Tag Archives: intoxication

Mississippi Commission’s Decision to Deny Claim Because of Employee’s “Refusal” to Take Breathalyzer Test Cannot Stand

Yesterday, in a divided decision, the Court of Appeals of Mississippi reversed a decision by the state’s Workers’ Compensation Commission (“Commission”) that had denied an employee’s workers’ compensation claim because the employee had refused to take a breathalyzer test after … Continue reading

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Virginia Employer Proves Employee Was Intoxicated, But Still Loses Case

The Court of Appeals of Virginia recently reiterated that in order to defeat a claim for workers’ compensation benefits, it is not enough to show that an employee was intoxicated at the time of his or her injury; the employer … Continue reading

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Arkansas Court Affirms Denial of Death Benefits Related to Drug Overdose

An Arkansas appellate court recently affirmed a denial of workers’ compensation death benefits to the surviving beneficiaries of a deceased worker who overdosed on methadone in 2009 while being treated for withdrawal from opiates prescribed for pain resulting from his … Continue reading

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New Hampshire: Intoxication, Without Showing of Causation, Is Insufficient to Defeat Comp Claim

Reiterating an important point, that in order to defeat a workers’ compensation claim it is generally insufficient to show that the injured worker was intoxicated at the time of the injury–the employer/carrier must also prove a causal connection between the … Continue reading

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Ninth Circuit Construes Longshore Act’s Intoxication Defense Provisions

The Longshore Act provides that no compensation shall be payable if the injury “was occasioned solely by the intoxication of the employee” [33 U.S.C.S. § 903(c), emphasis added]. The Ninth Circuit Court of Appeals recently denied review of a Benefits … Continue reading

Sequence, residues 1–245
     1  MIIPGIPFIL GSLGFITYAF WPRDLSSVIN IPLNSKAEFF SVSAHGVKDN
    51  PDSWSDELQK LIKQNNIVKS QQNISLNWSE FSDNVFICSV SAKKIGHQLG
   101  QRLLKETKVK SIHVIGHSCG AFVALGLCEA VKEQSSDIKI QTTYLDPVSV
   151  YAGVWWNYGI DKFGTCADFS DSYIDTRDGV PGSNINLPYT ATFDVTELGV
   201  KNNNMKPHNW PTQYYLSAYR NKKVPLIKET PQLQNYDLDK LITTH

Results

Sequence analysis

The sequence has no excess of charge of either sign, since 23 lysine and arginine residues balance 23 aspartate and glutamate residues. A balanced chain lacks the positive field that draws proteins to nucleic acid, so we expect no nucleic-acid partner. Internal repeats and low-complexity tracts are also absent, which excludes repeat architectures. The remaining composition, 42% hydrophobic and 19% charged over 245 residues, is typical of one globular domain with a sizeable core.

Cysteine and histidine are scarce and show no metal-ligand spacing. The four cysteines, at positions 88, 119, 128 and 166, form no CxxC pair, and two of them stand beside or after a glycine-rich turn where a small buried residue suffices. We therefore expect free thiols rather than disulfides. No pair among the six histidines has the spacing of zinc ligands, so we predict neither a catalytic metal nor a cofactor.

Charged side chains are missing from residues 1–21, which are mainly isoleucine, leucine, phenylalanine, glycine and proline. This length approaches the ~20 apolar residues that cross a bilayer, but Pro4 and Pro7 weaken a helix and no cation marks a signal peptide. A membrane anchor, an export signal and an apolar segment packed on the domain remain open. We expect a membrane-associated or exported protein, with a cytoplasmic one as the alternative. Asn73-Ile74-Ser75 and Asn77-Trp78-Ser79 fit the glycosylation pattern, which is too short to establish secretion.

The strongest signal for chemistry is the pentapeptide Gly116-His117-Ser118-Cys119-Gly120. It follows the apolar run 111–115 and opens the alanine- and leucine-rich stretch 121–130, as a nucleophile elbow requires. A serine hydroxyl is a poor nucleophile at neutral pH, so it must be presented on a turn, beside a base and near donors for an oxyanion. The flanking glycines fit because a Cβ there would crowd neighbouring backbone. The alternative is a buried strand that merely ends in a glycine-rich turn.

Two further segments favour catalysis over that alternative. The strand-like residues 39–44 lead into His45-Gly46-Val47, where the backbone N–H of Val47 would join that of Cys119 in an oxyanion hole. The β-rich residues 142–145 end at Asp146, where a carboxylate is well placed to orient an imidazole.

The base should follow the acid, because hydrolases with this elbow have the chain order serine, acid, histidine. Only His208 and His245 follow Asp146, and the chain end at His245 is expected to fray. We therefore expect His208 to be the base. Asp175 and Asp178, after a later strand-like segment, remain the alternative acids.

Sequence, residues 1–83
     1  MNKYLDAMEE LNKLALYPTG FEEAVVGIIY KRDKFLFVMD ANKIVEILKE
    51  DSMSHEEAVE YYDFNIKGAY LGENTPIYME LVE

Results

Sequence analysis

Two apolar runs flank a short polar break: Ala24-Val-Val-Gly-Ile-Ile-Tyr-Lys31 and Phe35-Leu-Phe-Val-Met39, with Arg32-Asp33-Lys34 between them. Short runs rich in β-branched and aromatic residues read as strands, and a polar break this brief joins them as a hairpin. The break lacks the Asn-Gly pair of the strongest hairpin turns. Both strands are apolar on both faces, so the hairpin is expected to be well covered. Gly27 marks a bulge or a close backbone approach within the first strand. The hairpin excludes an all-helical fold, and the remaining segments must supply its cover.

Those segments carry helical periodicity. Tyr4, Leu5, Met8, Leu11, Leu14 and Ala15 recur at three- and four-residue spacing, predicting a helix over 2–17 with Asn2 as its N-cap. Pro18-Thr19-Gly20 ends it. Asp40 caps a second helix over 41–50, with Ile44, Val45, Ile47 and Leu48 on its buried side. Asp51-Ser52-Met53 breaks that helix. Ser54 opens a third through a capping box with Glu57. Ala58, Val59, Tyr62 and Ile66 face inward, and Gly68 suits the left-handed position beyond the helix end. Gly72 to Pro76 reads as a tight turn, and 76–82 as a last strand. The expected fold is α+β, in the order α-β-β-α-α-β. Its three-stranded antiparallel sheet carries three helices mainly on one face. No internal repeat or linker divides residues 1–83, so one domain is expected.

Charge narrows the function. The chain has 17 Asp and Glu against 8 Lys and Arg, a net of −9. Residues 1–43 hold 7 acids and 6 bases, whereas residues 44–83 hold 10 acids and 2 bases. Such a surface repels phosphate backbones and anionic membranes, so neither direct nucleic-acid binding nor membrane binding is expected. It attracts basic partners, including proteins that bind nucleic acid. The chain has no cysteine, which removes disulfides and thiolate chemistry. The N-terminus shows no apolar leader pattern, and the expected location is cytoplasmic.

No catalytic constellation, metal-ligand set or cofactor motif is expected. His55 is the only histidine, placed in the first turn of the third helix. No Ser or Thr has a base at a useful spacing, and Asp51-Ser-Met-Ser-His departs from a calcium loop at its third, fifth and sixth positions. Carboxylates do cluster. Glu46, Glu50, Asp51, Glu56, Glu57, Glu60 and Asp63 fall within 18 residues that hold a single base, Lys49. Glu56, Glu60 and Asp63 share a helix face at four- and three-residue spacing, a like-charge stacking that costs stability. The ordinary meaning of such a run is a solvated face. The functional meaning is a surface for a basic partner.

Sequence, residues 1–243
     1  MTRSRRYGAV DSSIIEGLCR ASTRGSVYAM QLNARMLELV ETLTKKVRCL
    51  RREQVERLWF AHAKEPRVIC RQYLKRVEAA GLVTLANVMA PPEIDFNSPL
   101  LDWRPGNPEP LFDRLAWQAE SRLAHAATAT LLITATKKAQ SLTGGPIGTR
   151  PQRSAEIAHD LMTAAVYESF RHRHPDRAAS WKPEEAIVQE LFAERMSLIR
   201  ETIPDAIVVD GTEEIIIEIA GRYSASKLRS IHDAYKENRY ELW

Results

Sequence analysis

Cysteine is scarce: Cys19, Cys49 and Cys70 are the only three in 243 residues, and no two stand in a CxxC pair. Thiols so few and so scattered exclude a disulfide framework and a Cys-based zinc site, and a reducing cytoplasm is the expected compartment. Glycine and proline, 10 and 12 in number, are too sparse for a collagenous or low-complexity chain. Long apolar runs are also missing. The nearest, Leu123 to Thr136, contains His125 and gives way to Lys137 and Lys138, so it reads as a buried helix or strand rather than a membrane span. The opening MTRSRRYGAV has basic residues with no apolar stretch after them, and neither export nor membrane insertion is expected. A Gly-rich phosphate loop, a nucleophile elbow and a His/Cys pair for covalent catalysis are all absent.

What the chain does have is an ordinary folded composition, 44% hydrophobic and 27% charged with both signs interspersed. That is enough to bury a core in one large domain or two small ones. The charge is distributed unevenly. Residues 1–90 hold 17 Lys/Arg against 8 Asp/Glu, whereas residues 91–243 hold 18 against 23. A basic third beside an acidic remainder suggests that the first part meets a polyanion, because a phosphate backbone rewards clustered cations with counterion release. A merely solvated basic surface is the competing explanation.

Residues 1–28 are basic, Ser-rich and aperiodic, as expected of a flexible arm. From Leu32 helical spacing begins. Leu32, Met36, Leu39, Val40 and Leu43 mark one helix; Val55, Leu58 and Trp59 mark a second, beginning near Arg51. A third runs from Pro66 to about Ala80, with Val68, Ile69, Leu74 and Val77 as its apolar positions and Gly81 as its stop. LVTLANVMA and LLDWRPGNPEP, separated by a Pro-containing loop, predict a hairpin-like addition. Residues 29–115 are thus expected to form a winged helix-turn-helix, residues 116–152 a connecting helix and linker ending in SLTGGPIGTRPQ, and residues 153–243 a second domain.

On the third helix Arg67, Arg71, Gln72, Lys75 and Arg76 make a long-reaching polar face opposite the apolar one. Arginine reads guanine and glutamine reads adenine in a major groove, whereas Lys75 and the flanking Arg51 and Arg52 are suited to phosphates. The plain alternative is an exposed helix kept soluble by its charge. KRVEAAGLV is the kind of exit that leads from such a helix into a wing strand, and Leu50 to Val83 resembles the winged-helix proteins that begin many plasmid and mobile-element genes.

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LHWCA: Ninth Circuit Agrees that Injury Was Caused By Intoxication, Not Concrete and Metal Slab Onto Which Claimant Fell

Under the Longshore and Harbor Workers’ Compensation Act (“LHWCA”), no compensation is payable “if the injury was occasioned solely by the intoxication of the employee” [see 33 U.S.C. § 903(c)]. In Schwirse v. Director, Office of Workers’ Comp. Programs, 2012 … Continue reading

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In Spite of Statutory Presumptions, Proof of Positive Drug Test May Not Be Enough to Defeat Claims

In the great majority of jurisdictions, voluntary intoxication that renders an employee incapable of performing his or her work is a departure from the course of employment sufficient to defeat a claim for workers’ compensation benefits for injuries related thereto … Continue reading

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For Second Time in Eight Months, Arkansas Court Sends Case Back to Workers’ Compensation Commission to Determine if Claimant Successfully Rebutted Statutory Presumption Related to Alleged Methamphetamine Use

It’s axiomatic that in virtually all workers’ compensation cases it is the fact-finder–the Industrial Commission, Appeals Board, or the hearing officer–who must pass upon the credibility of witnesses; the appellate court may not do so. Occasionally, however, the fact-finder gets … Continue reading

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